Victoria Inner Harbour is perhaps best known as a picturesque port frequented by more than a two hundred cruise ships each year, pouring a quarter of a million passengers, charmed I'm sure, onto shore. Their first view of the pretty city is dominated by the Olympic mountain range in the distance, and 1908 Fairmont Empress Hotel in the foreground, overlooking the magnificent yachts moored in the marina. Reflected in the crashing Pacific, this romantically lit Victorian masterpiece is famed for its afternoon high tea.
Though it's hard to top the bay's natural beauty, the dramatic coastline is aptly framed with more delightful Victorian homes, watched over by winsome Craigdarroch Castle, completed in 1890 by a Scottish coal billionaire with a taste for luxury. There's plenty of culture (and even more tourist claptrap, including a wax museum, aquarium, IMAX theater…you get the idea) to keep you busy. Consider strolling vividly landscaped Buchart Gardens, or taking a whale watching (April through October) cruise, then finishing your day with a meal in Victoria's vibrant Chinatown.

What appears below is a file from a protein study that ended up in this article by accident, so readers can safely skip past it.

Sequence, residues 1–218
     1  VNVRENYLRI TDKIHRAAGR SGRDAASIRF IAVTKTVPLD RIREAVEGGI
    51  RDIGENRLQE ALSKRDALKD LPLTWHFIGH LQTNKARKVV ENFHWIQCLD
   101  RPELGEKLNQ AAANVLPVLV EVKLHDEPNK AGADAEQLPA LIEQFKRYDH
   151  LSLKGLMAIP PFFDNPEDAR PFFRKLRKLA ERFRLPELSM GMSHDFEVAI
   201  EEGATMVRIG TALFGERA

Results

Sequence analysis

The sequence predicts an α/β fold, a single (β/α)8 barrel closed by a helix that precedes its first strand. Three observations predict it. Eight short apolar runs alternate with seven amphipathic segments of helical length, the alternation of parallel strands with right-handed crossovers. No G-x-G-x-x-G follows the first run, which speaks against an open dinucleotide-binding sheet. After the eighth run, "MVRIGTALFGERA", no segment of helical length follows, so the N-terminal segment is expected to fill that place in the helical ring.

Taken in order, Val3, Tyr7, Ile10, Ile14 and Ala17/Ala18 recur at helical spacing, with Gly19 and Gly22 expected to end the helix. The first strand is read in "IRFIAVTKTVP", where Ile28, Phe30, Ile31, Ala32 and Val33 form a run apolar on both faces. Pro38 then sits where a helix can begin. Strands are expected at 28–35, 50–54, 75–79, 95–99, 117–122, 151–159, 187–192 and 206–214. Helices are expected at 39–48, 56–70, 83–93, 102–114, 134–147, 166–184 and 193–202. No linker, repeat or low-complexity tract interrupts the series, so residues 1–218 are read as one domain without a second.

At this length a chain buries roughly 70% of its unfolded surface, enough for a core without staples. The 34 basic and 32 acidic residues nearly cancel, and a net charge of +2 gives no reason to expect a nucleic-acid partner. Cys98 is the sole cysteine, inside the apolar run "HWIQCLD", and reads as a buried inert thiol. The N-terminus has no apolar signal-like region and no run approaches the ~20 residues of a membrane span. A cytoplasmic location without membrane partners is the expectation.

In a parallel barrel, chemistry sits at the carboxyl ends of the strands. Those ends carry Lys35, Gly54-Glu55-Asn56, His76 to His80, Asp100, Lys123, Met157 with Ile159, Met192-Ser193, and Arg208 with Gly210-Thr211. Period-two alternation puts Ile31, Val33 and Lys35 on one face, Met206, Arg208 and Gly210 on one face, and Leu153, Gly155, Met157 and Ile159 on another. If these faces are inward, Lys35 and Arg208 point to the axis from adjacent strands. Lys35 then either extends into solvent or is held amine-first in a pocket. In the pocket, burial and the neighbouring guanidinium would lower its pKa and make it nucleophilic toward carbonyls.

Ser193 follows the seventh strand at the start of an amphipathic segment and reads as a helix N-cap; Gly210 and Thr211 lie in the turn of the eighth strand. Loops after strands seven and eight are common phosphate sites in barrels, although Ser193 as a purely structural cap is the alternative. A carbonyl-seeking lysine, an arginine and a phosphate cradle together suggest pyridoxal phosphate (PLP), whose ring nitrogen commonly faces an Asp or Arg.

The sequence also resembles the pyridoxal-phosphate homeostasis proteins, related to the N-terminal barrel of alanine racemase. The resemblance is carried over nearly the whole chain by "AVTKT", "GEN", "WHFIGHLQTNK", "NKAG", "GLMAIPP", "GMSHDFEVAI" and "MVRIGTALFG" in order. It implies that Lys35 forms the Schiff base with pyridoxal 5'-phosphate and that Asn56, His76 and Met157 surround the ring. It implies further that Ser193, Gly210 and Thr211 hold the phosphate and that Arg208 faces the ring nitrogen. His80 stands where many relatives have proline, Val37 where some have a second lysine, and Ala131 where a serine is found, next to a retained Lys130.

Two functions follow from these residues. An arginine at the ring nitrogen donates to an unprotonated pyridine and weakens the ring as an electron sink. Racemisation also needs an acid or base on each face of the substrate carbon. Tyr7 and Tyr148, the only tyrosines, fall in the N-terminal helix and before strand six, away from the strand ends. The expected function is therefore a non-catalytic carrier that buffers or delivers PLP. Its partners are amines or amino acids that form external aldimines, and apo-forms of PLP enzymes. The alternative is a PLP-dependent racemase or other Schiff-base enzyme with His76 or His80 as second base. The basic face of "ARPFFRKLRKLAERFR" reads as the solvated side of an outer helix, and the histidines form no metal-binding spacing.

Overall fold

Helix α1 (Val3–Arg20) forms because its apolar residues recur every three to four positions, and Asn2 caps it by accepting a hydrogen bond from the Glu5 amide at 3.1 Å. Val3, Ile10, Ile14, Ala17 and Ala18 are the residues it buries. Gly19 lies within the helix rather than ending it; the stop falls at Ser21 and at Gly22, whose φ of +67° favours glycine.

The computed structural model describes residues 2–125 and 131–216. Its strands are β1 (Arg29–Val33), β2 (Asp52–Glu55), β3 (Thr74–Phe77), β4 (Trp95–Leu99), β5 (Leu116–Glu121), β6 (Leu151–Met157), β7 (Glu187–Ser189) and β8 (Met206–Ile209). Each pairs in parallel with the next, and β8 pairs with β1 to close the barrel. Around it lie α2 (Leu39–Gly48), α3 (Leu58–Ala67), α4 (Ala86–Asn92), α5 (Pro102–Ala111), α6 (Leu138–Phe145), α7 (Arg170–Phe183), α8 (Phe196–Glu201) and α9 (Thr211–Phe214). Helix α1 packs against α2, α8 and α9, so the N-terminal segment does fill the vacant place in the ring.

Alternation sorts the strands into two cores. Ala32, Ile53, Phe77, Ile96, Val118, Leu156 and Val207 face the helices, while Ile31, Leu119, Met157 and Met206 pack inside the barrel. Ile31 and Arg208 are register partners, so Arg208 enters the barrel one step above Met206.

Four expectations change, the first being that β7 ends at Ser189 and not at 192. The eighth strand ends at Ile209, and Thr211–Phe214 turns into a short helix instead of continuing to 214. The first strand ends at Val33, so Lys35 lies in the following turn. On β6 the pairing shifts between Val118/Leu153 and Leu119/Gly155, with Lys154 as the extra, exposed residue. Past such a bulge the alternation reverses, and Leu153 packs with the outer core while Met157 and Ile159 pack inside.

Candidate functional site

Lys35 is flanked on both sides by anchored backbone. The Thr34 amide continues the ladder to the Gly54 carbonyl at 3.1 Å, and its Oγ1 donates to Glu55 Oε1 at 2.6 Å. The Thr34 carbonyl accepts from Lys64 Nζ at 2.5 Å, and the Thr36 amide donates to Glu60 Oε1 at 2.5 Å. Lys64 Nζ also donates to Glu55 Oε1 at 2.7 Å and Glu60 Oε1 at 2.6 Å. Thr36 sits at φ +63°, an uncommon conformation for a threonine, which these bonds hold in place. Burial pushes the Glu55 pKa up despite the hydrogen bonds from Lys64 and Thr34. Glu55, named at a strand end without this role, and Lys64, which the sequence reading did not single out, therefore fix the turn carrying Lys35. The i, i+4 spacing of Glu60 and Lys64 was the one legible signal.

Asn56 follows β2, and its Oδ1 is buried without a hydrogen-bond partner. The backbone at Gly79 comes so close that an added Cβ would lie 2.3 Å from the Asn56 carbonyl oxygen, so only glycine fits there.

Enormous Vancouver Island (about the size of the Netherlands) is an impossibly scenic spot and the gateway to its spectacular snow-capped fjords and pristine beaches is the city of Victoria. You'll probably arrive here on the southern tip of the island by sea: a cruise ship, private vessel, or public ferry (two lines cross the Straight of Georgia to Vancouver; five serve Washington State in the USA.
Though the Pacific Northwest is notably rainy, Victoria is generally sunny and dry, in summer at least. It gets chilly and wet in winter, but temperatures rarely drop below freezing.
There's a useful tourist bureau InfoCentre with maps and brochures galore on the inner harbor; you can download a free phone app with maps and information at their official website.